Working remotely can get very lonely at times. If I’m the average of 5 people I spend the most time with, 4 of them are my fiancé. He’s my favorite human in the world, but it’s great to sometimes speak face to face with someone else for a change.
This intention brought us to WeWork some 2 months ago. I’m not sure how this happened, but we ended up in their official startup accelerator. I don’t have a startup, or even concrete plans to have one, but I’m excited to be there. We have amazing people from all industries and walks of life–from social media advertising to airplane engine repair simulators. There’s even an informal meditation group in our office, quite a surprising thing to experience in a professional setting.
I thought I had broad horizons, but folks from our coworking office push me further and further. I have a lot to learn from every single person in the room. They are the kind of people who have audacious goals combined with great sense of ownership and responsibility. One more time, I feel like an impostor sneaking into a club I am not good enough for.
Startup world is a bubble, and it’s a beautiful one
There are more opportunities to grab than we can possibly take. People build amazing companies from scratch, and have a ripple effect around the whole globe. We have incredible mentors with more achievements under their belt than I have ever dreamed of, who are always willing to share their advice. Potential investors keep knocking at our doors, while I hide in the corner, having nothing to sell like the fraud that I am.
Even though I don’t interact with the folks in my office as much as I’d like to, I can already feel a shift in how I see the world. There are no limits to what I can do or achieve except for those in my own head. Life is infinitely abundant for those who dare. If something doesn’t come out the way I’d like to, I’m solely responsible for what my reaction will be.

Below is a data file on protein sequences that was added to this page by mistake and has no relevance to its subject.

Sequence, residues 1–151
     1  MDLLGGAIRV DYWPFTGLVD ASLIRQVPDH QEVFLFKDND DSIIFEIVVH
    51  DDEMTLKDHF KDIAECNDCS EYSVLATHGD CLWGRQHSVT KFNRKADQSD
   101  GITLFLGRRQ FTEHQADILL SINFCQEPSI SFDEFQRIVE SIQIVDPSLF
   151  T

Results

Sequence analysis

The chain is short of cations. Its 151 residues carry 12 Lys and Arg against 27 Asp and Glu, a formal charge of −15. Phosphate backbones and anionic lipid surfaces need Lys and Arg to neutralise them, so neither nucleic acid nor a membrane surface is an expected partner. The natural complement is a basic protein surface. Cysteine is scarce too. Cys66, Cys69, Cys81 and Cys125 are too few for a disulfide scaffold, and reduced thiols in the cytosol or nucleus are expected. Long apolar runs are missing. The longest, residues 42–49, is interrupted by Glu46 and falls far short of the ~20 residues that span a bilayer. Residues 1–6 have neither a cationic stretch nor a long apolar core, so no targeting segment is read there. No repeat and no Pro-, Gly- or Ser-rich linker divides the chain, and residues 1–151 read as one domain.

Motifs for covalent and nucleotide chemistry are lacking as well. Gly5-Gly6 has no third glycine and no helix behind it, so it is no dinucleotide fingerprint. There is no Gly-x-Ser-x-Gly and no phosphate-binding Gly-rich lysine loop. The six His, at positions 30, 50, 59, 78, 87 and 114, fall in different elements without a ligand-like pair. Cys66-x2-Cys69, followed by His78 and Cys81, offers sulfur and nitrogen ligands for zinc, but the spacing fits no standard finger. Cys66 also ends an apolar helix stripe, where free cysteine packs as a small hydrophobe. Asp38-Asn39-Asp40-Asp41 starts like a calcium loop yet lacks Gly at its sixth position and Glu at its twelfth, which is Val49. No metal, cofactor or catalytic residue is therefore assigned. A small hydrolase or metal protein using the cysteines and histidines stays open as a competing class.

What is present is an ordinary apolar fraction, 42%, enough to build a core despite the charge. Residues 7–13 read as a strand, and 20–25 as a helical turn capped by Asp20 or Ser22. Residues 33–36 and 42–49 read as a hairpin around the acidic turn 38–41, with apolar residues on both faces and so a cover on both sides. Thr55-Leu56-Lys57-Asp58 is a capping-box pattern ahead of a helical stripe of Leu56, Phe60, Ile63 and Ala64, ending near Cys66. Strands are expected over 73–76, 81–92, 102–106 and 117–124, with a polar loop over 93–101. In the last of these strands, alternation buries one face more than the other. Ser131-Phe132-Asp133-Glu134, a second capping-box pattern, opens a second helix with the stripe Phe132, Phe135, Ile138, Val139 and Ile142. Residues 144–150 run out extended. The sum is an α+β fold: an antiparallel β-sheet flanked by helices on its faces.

Implementing these lessons in practice isn’t easy. For most of my life I’ve been operating from a framework of guilt that sends me in spirals of self-loathing and misery. If I’m solely responsible for something, it surely must be my fault? Luckily, I get to learn my mind’s tricks and know now that even if I’m procrastinating and overwhelmed, it’s a choice that I am making. With trial and error I should be able to make better ones.
The world I live in is pretty unique
Every now and then, I get reminded how other people perceive the same events. In the world they live in, secret organizations control all levels of government. The only way to succeed is to sign a shady deal with an evil political party. The only way to make a million dollars is to steal it.
Women are greedy, cruel, and emotionally unstable. Nearly everyone is either incompetent, malevolent, or lazy. No one can get a good job unless they have the connections.
How come our perceptions of how things work are so different? I used to think this is because of the books I read. But as it turns out, people who believe in secret conspiracies running the entire globe often consume even more books than I do. They are genuinely curious about how the world operates. They just find their answers in different places and come to entirely different conclusions.
Can I be sure that my sources are right and theirs are wrong?
I don’t care. All these conspiracies might as well be true.
What I care about is, how does this belief serve me? Will it help me become the sort of a person that I admire most?
It’s never been easier to find out what kind of a person are the folks you admire. Almost everyone has a blog these days, or a podcast, or at least a Twitter account. They all speak in interviews about the resources they found most useful, or the beliefs, questions and mental exercises that helped them succeed in life. Even if I’m at a very different stage than they are, I still learn a ton from all of those.
Many of the folks I admire come from the startup scene. To you, this might be an entirely different crowd. But no matter what you do and what you believe in, you live in a bubble too. All that you surround yourself with–the people, the books, the news (or lack thereof), the things you learn, the hobbies, the past time activities–all make up the bubble through which you make sense of the world.
What you invite to your bubble is not as important as being deliberate about it. If you don’t, it might spontaneously fill up with things you don’t really care about.